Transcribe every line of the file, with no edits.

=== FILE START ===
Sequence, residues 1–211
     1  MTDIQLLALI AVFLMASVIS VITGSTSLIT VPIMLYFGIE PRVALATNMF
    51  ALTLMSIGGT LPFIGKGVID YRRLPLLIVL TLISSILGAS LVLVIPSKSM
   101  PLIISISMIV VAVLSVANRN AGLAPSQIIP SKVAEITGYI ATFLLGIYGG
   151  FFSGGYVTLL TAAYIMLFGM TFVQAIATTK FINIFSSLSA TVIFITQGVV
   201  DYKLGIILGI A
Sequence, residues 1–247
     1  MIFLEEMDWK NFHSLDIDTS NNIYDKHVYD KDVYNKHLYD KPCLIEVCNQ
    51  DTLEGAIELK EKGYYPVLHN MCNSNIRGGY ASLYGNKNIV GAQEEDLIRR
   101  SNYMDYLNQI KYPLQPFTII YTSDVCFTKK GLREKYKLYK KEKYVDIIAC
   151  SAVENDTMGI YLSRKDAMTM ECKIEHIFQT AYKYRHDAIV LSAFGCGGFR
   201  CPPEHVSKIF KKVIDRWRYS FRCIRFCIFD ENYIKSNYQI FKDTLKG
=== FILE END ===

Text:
Sequence, residues 1–211
     1  MTDIQLLALI AVFLMASVIS VITGSTSLIT VPIMLYFGIE PRVALATNMF
    51  ALTLMSIGGT LPFIGKGVID YRRLPLLIVL TLISSILGAS LVLVIPSKSM
   101  PLIISISMIV VAVLSVANRN AGLAPSQIIP SKVAEITGYI ATFLLGIYGG
   151  FFSGGYVTLL TAAYIMLFGM TFVQAIATTK FINIFSSLSA TVIFITQGVV
   201  DYKLGIILGI A
Sequence, residues 1–247
     1  MIFLEEMDWK NFHSLDIDTS NNIYDKHVYD KDVYNKHLYD KPCLIEVCNQ
    51  DTLEGAIELK EKGYYPVLHN MCNSNIRGGY ASLYGNKNIV GAQEEDLIRR
   101  SNYMDYLNQI KYPLQPFTII YTSDVCFTKK GLREKYKLYK KEKYVDIIAC
   151  SAVENDTMGI YLSRKDAMTM ECKIEHIFQT AYKYRHDAIV LSAFGCGGFR
   201  CPPEHVSKIF KKVIDRWRYS FRCIRFCIFD ENYIKSNYQI FKDTLKG